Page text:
First Avenue Middle School
301 South First Avenue
Arcadia, CA 91006
Thomas Jefferson was the author of The Declaration of Independence, our great American document that announced this new free nation to the world. Throughout his lifetime he also consistently opposed slavery in his writings. However, at the same time that he was writing the Declaration of Independence, he was also slave owner. During his life he owned 607 slaves and by the end of his life he had only freed 5. Was Jefferson a hypocrite? Was he merely a flawed idealistic? Was he a great man? In light of these contradictory views, does he deserve to be celebrated by history?
Students will have already studied the Declaration of Independence in a prior unit and will understand its contents and significance. They have already learned that Thomas Jefferson was the primary author of this document. We will revisit this document again when we examine Thomas Jefferson and his contradictory views on slavery.
Students will study quotes that reflect Jefferson’s stance in support of and opposed to slavery and evaluate them in light of the claims that he makes in the Declaration of Independence, that “All men are created equal” and that they have the inalienable rights of “life, liberty and the pursuit of happiness.” They will use these quotes to support and defend their position of whether he should be celebrated or condemned in history.
What does Jefferson's writings reveal about his attitudes about slavery?
How do Jefferson's writings about slavery support or contradict the ideals espoused in the Declaration of Independence?
Does Jefferson deserve to celebrated or condemned in history?
1. Project/write the following excerpt from the Declaration of Independence on the board
We hold these truths to be self-evident, that all men are created equal, that they are endowed by their Creator with certain unalienable Rights, that among these are Life, Liberty and the pursuit of Happiness.
2. Together in class, recall, discuss:
a. What truths are self-evident?
b. What rights are all men given?
c. Whom do you think would be included by the world “men” in 1776? In the early 1800s? Now?
3. Groups will share and discuss answers with the entire class
1. In groups of 4-5, students will read “Jefferson and Slavery” from Monticello.org
2. Students will discuss information in cooperate groups, then share and discuss with the entire class.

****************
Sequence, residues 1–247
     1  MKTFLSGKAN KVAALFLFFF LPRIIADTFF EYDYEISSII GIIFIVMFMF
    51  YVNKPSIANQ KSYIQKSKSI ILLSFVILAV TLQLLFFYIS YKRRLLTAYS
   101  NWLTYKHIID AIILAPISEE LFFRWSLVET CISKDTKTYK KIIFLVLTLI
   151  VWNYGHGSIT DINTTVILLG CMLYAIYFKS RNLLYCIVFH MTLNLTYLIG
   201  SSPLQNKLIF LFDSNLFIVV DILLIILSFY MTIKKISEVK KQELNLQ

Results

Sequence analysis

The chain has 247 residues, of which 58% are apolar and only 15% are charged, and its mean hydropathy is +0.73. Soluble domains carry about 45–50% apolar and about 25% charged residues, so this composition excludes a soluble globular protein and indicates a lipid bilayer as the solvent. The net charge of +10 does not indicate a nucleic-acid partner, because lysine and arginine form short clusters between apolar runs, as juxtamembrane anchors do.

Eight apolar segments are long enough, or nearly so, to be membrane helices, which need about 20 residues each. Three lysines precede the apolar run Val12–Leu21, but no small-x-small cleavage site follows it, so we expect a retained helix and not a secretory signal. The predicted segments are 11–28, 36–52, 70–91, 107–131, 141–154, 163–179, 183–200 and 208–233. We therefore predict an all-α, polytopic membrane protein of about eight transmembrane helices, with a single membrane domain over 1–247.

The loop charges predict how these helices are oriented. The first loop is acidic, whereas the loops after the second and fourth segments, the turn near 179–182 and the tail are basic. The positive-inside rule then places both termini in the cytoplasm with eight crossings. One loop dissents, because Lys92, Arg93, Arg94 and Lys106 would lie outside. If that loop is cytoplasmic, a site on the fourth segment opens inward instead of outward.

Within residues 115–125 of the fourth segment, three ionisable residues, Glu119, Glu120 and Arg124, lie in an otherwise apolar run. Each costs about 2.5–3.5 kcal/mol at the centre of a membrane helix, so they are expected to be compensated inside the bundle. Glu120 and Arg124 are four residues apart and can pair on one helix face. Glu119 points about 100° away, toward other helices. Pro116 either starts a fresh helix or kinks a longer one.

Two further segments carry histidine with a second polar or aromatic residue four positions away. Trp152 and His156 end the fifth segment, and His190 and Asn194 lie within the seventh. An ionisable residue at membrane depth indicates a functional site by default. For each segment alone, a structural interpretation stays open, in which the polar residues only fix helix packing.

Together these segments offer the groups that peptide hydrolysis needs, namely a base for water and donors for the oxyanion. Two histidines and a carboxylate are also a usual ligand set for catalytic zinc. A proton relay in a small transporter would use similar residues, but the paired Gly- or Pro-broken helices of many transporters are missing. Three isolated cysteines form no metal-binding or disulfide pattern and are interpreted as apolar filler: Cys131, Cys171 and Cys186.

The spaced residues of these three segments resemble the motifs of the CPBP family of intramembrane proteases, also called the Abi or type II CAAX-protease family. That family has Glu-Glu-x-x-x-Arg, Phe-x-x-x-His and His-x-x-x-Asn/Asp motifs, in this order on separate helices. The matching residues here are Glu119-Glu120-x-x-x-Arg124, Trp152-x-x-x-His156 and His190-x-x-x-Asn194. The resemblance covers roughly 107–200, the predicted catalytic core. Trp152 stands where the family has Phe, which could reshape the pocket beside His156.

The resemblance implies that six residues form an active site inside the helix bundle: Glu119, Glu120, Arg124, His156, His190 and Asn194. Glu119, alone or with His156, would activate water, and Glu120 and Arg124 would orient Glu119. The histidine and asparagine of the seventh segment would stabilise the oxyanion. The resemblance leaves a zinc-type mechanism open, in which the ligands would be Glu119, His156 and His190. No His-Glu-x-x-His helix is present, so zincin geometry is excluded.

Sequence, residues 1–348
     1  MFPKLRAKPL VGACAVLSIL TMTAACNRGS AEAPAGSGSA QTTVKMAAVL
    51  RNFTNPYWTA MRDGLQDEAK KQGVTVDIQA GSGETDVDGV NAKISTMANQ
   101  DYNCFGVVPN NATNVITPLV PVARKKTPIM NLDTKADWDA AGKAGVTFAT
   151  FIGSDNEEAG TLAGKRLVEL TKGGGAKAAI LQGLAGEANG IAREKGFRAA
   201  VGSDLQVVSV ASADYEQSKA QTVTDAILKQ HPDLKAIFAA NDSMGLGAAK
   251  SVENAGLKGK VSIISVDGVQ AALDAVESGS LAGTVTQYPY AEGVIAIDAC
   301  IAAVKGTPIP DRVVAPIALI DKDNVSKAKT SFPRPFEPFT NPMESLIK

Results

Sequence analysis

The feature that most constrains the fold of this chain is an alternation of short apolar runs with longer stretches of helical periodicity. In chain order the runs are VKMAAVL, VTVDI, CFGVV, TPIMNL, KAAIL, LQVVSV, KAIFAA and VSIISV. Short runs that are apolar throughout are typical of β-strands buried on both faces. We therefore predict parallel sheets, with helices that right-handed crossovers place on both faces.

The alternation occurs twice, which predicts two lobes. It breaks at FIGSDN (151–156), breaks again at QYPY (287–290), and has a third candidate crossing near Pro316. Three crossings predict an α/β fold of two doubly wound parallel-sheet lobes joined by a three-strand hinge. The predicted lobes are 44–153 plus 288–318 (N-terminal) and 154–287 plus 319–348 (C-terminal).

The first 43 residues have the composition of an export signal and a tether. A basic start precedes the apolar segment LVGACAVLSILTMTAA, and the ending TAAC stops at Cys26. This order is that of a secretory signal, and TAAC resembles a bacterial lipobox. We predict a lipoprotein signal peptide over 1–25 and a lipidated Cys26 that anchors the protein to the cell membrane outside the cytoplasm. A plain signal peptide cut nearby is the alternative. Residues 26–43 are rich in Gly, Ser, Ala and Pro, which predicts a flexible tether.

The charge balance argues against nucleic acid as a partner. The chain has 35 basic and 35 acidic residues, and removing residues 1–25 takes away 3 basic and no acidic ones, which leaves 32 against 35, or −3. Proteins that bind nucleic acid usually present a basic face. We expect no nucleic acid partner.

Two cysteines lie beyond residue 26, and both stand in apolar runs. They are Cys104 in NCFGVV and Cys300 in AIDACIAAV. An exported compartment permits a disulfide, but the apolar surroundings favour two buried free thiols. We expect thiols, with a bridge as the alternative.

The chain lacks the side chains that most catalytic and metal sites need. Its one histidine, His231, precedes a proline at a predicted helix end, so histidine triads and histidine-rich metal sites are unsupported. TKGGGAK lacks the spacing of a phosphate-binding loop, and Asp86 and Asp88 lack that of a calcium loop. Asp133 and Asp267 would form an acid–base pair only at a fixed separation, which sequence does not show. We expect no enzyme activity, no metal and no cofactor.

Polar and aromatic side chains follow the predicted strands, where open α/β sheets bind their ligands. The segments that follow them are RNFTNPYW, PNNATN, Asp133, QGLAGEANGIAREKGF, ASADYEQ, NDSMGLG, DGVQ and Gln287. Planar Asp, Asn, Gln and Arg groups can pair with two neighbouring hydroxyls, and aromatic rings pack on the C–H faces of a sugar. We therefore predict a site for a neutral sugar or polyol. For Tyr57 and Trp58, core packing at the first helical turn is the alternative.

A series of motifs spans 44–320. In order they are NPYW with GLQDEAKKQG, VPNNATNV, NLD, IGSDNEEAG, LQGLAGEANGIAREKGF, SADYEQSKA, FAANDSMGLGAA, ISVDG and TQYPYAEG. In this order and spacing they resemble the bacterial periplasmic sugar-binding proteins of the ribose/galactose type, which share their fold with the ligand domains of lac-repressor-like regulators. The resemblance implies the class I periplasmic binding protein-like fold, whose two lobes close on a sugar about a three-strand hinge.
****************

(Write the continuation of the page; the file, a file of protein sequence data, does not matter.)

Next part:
Slavery Quote Jigsaw
For each quote students will:
a. Read and discuss
b. Fill in the chart:
3. Students will return to groups, divide up the quotes 2-3 per person, study them and fill in their worksheet (They do not have to complete quotes in order.)
4. Students will return to groups, divide up the quotes 2-3 per person, study them and and fill in their worksheet (They do not have to complete quotes in order.)
5. After each student completes their quotes, they will share and discuss their answers with the rest of the group. Everyone will fill in the rest of their sheets with the information shared.
6. Group discusses whether they believe Jefferson should be celebrated or condemned by history in light of their findings.
Each group will share their conclusions and participate in a whole class discussion about whether Jefferson is a hypocrite or hero, whethe he should be celebrated or condemned.
Jefferson Slavery Quotes Handout
Jefferson Slavery Quotes Chart Worksheet
Pair special needs student with a strong, patient, understanding student who can help him/her in this activity. Student may either complete assignment with this partner or write a paragraph with only 1 piece of evidence cited.
Advanced students may do additional research by studying more quotes about Jefferson and slavery on The Sea of Liberty and Monticello.org websites. They will write a 5 paragraph essay to defend their position, citing 3-5 pieces of evidence. Advanced students may also complete The Sea of Liberty "Present-Day Parlor Portrait Pix) activity.